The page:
Thedevelopment of the majority vote system impose the necessity of a secondchamber to temperate the power of the government based on the rule of majorityfrom the first chamber. ‘Bicameralism is to be preferred to unicameralism onthe reason that the two chambers denote security and because the concentrationof the legislative power in a single chamber is not only dangerous, but alsounjustified: because two eyes are better than one and because it is desiredthat every decision process be controlled and restricted.’4Last but not least, it is moresuited in big states, while unicameralism is to be preferred in smaller states(surface and number of residents). The advantages ofunicameral parliament: Firstly, unicameralism is based on amajoritarian logic. A parliament that is based on the direct choice of thepeople reflects the will of the people and cannot be obstructed in neither wayby any structures that are not elected directly by the people and does notrepresent the people.
‘If a second chamber dissents from the first, it ismischievous; and if it agrees, it is superfluous.’5Another thing would be that a singlechamber is much more efficient from an economic point of view (low expenses)and from a decisional point of view (faster law enactment). Two chambers meansrivalry, competition for prevail or for equality, and this can bring damage tothe wellbeing of the parliamentary institution.As long as the members of the twochambers are elected through concordant electoral systems, the organicseparation of the two chambers becomes artificial (both of them have the samevocation).
National and regional representation (argument in favor ofbicameralism) are efficient only when the principle of territorialrepresentation is secured and the application of the principle is justified.Also, the interdependency of the twochambers leads to divergences and, in the end, to questionable solutions. Unicameralismdeterminates the limitation of multipartism through the reduced offer that canbe made to the political clientele and it is definitely suited with the idea ofa nation’s unity. A single nation, a single parliamentary chamber.We have, by all no means, greateraccountability. Since legislators cannot blame the other chamber if legislationfails to pass, or if citizen’s interests are ignored.
Fewer elected officialsfor the population to monitor. All these arguments were and areobjectionable. Those who believe in unicameralism would identify cases in whichan argument for bicameralism can be dismissed and vice-versa. This does notmean that these arguments are useless. They are based on the empirical andcompared analysis of the parliamentarian practice in different countries andrepresent strong arguments in the debate of the options expressed about thestructure of the parliament. Moreover, these arguments offer atleast three conclusions:Firstly, the option for choosing abicameral or unicameral parliament is, in fact, a larger option.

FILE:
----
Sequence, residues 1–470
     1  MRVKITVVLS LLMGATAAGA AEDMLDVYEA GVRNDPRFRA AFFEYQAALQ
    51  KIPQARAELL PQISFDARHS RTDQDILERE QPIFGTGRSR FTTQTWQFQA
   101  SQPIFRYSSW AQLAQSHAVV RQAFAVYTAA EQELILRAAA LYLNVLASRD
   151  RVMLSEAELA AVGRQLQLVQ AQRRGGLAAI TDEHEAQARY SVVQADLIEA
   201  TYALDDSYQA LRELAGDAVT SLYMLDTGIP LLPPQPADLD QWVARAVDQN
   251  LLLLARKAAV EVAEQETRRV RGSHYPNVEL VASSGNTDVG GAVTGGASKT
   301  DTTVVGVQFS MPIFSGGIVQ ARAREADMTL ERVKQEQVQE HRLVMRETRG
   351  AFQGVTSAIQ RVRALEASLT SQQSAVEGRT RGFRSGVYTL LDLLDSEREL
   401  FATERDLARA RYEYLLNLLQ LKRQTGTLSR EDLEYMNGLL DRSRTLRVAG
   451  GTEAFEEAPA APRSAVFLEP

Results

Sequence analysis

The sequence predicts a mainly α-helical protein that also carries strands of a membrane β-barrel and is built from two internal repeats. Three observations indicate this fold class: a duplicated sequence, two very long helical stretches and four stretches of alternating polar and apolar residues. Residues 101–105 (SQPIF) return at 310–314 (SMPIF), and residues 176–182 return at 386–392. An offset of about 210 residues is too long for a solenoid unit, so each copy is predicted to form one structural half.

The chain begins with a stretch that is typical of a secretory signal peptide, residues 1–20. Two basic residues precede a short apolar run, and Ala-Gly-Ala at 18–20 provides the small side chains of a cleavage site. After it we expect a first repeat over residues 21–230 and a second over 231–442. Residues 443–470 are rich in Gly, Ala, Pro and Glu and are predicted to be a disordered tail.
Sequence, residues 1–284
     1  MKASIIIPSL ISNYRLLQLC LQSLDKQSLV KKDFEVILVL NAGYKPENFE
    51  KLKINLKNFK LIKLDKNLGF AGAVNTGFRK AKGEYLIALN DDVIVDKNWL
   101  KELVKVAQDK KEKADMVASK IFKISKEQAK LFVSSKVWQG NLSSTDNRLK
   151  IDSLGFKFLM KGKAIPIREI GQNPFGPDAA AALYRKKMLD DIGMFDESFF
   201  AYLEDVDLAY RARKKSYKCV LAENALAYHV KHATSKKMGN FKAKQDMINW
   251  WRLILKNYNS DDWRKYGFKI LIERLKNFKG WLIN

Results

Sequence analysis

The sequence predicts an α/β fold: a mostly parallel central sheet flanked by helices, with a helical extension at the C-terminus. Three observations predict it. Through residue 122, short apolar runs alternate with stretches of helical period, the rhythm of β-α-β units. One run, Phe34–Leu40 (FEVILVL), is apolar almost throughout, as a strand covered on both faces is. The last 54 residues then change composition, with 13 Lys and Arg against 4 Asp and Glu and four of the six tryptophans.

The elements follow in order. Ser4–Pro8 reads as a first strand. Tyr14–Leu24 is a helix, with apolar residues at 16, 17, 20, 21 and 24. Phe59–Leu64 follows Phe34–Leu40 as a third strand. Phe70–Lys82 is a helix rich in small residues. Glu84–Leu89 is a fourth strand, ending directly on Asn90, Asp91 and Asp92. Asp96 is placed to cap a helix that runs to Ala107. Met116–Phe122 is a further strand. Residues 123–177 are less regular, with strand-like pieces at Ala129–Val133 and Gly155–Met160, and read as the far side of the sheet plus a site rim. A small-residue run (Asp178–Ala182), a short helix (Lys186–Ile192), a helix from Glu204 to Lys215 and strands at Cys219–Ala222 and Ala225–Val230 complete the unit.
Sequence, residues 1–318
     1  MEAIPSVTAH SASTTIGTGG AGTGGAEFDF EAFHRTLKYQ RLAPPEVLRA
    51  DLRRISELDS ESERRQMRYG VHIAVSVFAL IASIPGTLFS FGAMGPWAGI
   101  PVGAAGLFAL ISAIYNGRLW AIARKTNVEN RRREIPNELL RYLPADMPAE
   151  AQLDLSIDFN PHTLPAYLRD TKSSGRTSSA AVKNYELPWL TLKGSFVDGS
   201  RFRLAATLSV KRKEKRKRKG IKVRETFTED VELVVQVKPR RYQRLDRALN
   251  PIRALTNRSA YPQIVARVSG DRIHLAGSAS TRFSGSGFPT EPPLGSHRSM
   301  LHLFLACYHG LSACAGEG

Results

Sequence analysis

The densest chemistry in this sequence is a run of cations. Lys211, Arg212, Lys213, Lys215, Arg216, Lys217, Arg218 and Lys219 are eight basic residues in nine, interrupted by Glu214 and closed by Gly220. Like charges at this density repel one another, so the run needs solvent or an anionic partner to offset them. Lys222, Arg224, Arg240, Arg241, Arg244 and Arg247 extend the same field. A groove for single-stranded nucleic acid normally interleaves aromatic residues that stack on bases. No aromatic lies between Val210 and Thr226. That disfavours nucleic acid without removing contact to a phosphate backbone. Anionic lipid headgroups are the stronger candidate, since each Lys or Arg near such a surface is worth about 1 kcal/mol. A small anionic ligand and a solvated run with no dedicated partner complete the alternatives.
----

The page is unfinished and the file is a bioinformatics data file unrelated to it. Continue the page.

That ofchoosing between the majoritarian democratic model or the consensual democraticmodel;Secondly, the arguments in favor oragainst a certain parliamentarian structure are heterogeneous. These are based,in principal, on a series of empirical comparative studies and statistics thattake into account the institutional and political experiences of certainstates;Thirdly, the arguments in favor ofbicameralism are more numerous and consistent than the arguments in favor ofunicameralism; A part of the arguments in favor of unicameralism are, in fact,critics for bicameralism. Conclusion Significant variation exists among countrieswith respect to the structure of theirlegislatures.While smaller, unitary countries typically use unicameral legislatures, andlarger,federalistcountries usually employ a bicameral model, these presumptions are not set instone.Each nation possesses its own unique motivationsto adopt either a unicameral or bicameral model. These reasons are many, andderive from historical, cultural, or demographiccharacteristicsthat may apply solely to that country.
Existing institutional and political factorssuchas electoral methods and party systems have a significant influence on thisprocess as well.Moreover, political personalities play a vitalrole in shaping legislative design. Finally, power, protection of interests,and compromise will undoubtedly contribute to cameral design. The thing is,there is no perfect or better way. Both of the types are equally good, but, inthe end, it depends from case to case.
Bibliography: · Arend Lijphart, Democracies:Patterns of Majoritarian and Consensus Government in Twenty-one Countries (NewHaven, CN: Yale University Press, 1984);· George Tsebelis and JeannetteMoney, Bicameralism (Cambridge, UK: Cambridge University Press, 1997);· Rod Hague and MartinHaarop, Comparative Government and Politics (Palgrave Macmillan; 8th edition edition, 17 Mar. 2010);· GiovanniSartori, Comparative ConstitutionalEngineering (PalgraveMacmillan, September 1994);· Arend Lijphart, Patterns of Democracy:Government Forms and Performance in Thirty-Six Countries (Yale UniversityPress July 11, 1999);· Robert Rogers and Rhodri Walters, HowParliament Works (Routledge; 7 edition, 27 Mar. 2015) 1 Jean Blondel, Comparative Legislatures2 William H. Riker, The Justification of Bicameralism3 Ion Deleanu, ?i proceduri constitu?ionale – în dreptul român ?i în dreptul comparat4 Giovanni Sartori, Comparative Constitutional Engineering5 Abbe Sieyes